Members of the Senate are increasingly discussing regulation of cryptocurrency markets after the implosion of FTX, the world’s second-largest cryptocurrency exchange threatened to take down portions of the financial system. The Wall Street Journal’s Dave Michaels reports:
Lawmakers should pass legislation that would impose strict rules on cryptocurrency exchanges, including rules to limit or prohibit the conflicts of interest that contributed to FTX’s collapse, Commodity Futures Trading Commission Chairman Rostin Behnam said Thursday.
Speaking to members of the Senate Agriculture Committee, Mr. Behnam said he still supported a bill that would give his small agency authority to police trading in bitcoin, ether and other digital assets classified as commodities. FTX and its founder Sam Bankman-Fried also lobbied in support of the legislation before the firm’s collapse last month.
The immediate future of the legislation is unknown. FTX’s support of the bill raises questions about its influence over it. FTX’s goal was to steer oversight of crypto into the hands of what was perceived to be a friendlier regulator than the Securities and Exchange Commission, which has authority to write stricter rules that most crypto companies oppose.
Mr. Bankman-Fried’s empire blew up last month amid reports that his exchange, FTX, misused customer funds by sending them to an affiliated trading firm, Alameda Research, that had made risky venture investments. Mr. Bankman-Fried has said in recent interviews that he neglected risk-management at FTX, but denied knowing that customer money was wrongly used.
Senate Agriculture Committee Chairwoman Debbie Stabenow (D., Mich.) said her committee’s legislation addresses the risks posed by practices that took down FTX.
“When exchanges accept customer funds for trading, they must not be allowed to gamble with those funds,” Ms. Stabenow said. “They must not be allowed to invent products that have little to no intrinsic value and accept them as collateral for loans. And they must not be allowed to self-deal.”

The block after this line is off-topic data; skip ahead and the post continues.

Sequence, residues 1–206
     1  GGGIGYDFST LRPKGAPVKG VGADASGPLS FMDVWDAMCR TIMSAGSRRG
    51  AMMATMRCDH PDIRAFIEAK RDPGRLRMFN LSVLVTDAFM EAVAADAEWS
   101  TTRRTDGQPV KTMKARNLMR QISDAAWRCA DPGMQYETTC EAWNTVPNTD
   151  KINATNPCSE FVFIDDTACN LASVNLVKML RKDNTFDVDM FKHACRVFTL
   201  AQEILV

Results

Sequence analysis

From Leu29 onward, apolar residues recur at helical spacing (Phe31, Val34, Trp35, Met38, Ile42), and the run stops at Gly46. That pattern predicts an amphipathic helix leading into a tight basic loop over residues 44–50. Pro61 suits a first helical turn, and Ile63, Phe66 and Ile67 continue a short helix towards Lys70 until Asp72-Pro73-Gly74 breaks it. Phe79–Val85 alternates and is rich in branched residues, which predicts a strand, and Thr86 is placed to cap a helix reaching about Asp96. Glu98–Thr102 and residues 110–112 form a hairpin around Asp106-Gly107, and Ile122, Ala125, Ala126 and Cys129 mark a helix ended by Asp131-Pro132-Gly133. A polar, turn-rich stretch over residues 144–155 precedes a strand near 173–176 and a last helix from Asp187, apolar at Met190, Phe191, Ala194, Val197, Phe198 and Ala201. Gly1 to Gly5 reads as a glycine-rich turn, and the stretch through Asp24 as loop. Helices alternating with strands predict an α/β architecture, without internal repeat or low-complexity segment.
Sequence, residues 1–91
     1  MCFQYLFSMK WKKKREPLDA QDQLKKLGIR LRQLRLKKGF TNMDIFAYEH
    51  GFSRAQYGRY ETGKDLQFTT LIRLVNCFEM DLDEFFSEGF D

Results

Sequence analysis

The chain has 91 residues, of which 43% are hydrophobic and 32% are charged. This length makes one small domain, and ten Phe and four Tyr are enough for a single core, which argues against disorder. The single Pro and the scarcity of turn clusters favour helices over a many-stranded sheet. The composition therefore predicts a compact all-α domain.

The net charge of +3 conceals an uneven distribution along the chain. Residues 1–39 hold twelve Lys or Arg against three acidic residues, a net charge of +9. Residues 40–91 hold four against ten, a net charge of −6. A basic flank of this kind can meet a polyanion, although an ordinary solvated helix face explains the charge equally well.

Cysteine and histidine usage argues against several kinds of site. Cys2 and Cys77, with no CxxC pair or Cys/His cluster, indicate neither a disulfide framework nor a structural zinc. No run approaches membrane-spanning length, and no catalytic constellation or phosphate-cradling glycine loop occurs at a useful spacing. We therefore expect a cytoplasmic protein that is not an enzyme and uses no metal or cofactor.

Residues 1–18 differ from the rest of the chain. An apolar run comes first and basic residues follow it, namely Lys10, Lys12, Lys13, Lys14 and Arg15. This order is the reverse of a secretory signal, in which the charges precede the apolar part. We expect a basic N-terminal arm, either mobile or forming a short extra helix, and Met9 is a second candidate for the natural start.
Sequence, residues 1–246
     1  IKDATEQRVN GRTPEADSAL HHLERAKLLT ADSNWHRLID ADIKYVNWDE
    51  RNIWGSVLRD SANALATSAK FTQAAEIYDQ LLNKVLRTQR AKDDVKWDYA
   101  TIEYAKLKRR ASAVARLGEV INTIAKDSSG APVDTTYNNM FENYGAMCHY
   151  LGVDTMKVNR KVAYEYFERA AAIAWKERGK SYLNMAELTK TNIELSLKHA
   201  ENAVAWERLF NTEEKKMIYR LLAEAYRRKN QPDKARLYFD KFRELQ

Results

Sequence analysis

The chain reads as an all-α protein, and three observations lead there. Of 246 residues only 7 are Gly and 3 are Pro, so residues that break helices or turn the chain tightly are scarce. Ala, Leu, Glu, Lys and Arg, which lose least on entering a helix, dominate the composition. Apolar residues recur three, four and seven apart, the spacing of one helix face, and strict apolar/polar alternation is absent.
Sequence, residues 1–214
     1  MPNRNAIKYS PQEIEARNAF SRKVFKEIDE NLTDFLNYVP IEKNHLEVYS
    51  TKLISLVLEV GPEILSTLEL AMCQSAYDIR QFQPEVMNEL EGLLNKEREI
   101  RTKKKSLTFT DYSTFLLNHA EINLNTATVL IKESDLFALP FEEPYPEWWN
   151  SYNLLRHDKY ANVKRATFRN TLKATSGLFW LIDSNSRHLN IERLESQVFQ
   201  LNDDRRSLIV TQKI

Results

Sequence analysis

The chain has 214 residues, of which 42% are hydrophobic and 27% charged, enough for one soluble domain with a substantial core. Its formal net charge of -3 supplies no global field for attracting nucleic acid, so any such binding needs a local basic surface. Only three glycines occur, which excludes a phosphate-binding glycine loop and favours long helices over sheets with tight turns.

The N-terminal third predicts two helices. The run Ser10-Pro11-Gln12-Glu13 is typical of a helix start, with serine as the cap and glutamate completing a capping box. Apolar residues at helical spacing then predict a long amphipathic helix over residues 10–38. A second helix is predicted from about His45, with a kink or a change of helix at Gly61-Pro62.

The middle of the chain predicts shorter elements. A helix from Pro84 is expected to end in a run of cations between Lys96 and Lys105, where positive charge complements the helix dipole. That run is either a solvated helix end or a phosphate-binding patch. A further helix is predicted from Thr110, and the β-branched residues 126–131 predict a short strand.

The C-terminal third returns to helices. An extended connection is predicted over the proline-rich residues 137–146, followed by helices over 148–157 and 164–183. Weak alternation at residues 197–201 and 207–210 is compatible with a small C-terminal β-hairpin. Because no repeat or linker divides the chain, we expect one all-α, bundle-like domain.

The bill written by Ms. Stabenow and the committee’s ranking member, Sen. John Boozman (R., Ark.), would regulate trading in bitcoin, ether and some other cryptocurrencies through the commission. Giving the CFTC, a relatively small agency, authority to police trading in the most valuable crypto assets would mark a substantial expansion of its authority.
Before FTX’s bankruptcy, the CFTC also met with FTX about the company’s proposal to allow its U.S. derivatives exchange, LedgerX, to manage the risk of leveraged customer trades without the involvement of brokers. FTX acquired LedgerX last year. That derivatives exchange is solvent and its customer funds are safe, Mr. Behnam said, because it was subject to CFTC rules that impose risk-management and customer-protection standards.
Mr. Bankman-Fried met with Mr. Behnam and other top CFTC officials 10 times over the past 14 months, Mr. Behnam said Thursday. The chairman said FTX was “dogged” in its pursuit of the proposal, which would have marked a radical change in the structure of derivatives markets. LedgerX has withdrawn the proposal.
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